One of the biggest driving forces behind the movement is a phenomenon 30 years in the making.
What could we call the economics behind the Occupy Wall Street protests and the “We are the 99%” movement? One of the most driving themes behind both is this country’s growing and embarrassing income inequality. In the aftermath of the recession, incomes have been on the decline for most of us. Median household income fell to $49,445 last year, the lowest in more than a decade. Yet those making over $100,000 a year have actually seen improvements.
Not to mention that corporate profits have rebounded while wages have staggered backward. Those profits accounted for 88 percent of economic growth during the first year and a half after the recession ended, while wages and salaries for the rest of us only accounted for one percent. Corporate profits were $343 billion higher from 2008-2010 than predicted, while personal income for families was $265 lower than expected. The booming profits have brought little for most of us, but have meant nice raises for top executives: their median pay at 200 major companies was $9.6 million in 2010, up 12 percent from the year before.
But the income inequality that has urged so many take to the streets is not an overnight phenomenon. It’s part of a much longer-term trend. As the CBPP reports, the gap between the after-tax income of the richest one percent of Americans and the rest of us more than tripled over the last three decades, far before the Great Recession started. And after this 30-year rise, we’re now at a level of income inequality not witnessed since the Great Depression. As one telling example, in 2007 the top 1 percent had an income of $1.3 million, up $88,800 from just the year before — and that $88,880 gain is more than the total income of the average middle-income household. Meanwhile, the discrepancy between income at the top one percent and in the bottom fifth grew ever faster during the last three decades: in 1979, the top income was 22.7 higher, but by 2007 it was 74.6 times higher.
What brought us here? I’ve just finished reading Barbara Ehrenreich’s classic, Nickel and Dimed, in which she details her entry into the low-wage labor force and her struggle to both make ends meet and hold onto her human dignity. The most striking thing about reading the book now is that she wrote about these struggles at a time when the country was experiencing booming prosperity. In the late 1990s and early 2000s, there was actually a reported labor shortage, a housing boom, and other signs of economic health. But as she shows, little of that was shared with those at the bottom of the ladder struggling to make ends meet. Even then, with incredible national wealth, income inequality was growing and the lower classes were falling farther behind. As she recently wrote in reflecting on those times, a report shortly after the book’s publication found that 29 percent of American families earned less than what they needed to cover housing, child care, health care, food, transportation, and taxes.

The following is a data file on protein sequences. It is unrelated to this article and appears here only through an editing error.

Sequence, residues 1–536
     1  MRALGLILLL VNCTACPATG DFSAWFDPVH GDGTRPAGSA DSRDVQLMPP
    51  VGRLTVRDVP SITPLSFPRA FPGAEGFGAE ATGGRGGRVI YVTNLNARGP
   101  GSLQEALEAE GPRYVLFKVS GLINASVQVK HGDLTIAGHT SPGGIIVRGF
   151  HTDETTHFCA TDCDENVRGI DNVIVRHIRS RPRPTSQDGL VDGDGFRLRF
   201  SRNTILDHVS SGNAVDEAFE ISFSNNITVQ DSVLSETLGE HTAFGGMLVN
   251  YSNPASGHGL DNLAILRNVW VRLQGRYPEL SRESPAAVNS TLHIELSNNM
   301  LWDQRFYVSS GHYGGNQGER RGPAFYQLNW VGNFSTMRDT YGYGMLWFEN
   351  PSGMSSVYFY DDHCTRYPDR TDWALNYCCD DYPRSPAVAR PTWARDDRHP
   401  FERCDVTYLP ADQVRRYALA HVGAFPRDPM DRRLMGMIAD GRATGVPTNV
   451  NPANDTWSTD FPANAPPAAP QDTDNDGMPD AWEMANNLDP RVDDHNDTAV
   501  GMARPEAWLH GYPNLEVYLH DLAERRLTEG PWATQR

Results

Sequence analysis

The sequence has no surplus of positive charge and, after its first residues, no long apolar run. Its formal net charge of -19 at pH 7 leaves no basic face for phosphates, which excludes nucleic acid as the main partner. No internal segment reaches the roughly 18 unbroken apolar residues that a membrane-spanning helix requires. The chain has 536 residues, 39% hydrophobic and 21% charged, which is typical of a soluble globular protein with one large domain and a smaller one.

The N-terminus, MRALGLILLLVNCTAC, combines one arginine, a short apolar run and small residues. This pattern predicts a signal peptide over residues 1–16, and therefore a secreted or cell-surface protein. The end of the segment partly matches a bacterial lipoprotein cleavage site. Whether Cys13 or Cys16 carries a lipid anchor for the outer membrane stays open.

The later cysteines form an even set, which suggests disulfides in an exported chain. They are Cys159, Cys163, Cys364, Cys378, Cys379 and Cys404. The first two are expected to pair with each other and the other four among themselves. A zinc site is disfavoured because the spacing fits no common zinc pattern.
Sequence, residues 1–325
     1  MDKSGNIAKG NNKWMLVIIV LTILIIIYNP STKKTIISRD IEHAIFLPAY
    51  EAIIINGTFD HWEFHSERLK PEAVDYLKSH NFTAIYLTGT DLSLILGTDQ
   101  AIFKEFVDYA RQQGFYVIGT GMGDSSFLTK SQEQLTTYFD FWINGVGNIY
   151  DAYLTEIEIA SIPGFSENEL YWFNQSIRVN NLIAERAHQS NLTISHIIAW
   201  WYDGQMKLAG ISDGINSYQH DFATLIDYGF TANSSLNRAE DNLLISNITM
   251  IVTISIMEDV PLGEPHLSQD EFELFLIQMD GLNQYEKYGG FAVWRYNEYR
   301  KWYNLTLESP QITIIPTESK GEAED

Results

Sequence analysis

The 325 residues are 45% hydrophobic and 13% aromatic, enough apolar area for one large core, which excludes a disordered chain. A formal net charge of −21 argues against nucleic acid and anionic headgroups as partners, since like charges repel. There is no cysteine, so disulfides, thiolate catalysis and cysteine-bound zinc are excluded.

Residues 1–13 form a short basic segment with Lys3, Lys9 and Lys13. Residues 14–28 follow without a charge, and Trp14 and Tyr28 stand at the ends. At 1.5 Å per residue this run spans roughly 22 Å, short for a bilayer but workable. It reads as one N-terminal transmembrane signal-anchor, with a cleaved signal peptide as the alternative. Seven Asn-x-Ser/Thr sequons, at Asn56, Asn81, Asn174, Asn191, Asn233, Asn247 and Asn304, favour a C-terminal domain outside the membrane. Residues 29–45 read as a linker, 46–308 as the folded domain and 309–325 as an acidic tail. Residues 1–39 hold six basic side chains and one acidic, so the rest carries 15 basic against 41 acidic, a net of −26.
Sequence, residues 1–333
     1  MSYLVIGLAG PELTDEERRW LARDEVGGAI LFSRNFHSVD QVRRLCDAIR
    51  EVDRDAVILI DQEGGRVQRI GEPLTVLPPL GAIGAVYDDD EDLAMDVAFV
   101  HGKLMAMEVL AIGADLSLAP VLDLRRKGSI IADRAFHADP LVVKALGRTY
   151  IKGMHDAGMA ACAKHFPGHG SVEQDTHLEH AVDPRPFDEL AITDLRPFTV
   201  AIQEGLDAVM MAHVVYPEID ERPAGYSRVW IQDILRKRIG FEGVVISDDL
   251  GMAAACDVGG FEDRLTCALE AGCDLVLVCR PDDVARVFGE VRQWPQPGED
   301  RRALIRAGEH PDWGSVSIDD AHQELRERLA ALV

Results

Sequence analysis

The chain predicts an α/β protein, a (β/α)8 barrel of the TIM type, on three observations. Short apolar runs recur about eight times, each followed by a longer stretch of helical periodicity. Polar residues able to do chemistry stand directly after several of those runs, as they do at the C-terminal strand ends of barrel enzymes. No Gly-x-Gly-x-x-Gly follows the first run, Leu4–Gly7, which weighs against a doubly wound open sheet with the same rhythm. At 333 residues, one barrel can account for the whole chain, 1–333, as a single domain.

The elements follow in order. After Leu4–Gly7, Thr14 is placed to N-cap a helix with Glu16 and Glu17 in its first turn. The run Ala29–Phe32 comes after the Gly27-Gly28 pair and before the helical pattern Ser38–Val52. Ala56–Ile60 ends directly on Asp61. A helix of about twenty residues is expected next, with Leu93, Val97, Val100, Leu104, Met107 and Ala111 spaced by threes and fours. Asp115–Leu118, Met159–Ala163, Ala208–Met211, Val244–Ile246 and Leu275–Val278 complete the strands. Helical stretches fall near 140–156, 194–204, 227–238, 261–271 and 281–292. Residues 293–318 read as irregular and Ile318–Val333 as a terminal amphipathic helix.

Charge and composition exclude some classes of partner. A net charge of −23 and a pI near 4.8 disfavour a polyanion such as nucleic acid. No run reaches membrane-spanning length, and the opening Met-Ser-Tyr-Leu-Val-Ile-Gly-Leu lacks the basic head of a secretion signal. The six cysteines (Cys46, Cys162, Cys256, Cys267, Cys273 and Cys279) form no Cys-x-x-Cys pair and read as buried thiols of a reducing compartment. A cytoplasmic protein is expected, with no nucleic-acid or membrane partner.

At the end, she evaluates both her ability to subsist (and her attempts to thrive) and our country’s support for low-wage workers. She talks about what she saw as a “culture of extreme inequality”: part of it is to do with cutting services for the poor while “investing ever more heavily in prisons and cops” to police them. Another factor has been the invisibility of the poor:
Some odd optical property of our highly polarized and unequal society makes the poor almost invisible to their economic superiors. The poor can see the affluent easily enough — on television, for example, or on the covers of magazines. But the affluent rarely see the poor or, if they do catch sight of them in some public space, rarely know what they’re seeing, since — thanks to consignment stores and, yes, Wal-Mart — the poor are usually able to disguise themselves as members of the more comfortable classes.
This invisibility was reflected in policies that made things worse for the less well off, such as welfare reform and bankruptcy reform that just made things more difficult for people who need those services, lowered tax rates for the very wealthy, and attacks on social safety net programs. Many of those problems are with us today.
That dynamic, in which the poor are invisible and ignored by politicians, is one of the things Occupy Wall Street has served to change. The poor, downtrodden, jobless, over-indebted, and financially strapped are easy to find and to see. They’re hanging out in Zuccotti Park. One can only hope that by bringing income inequality into the spotlight, they will also be able to help get something done to address it.
Bryce Covert is Editor of New Deal 2.0.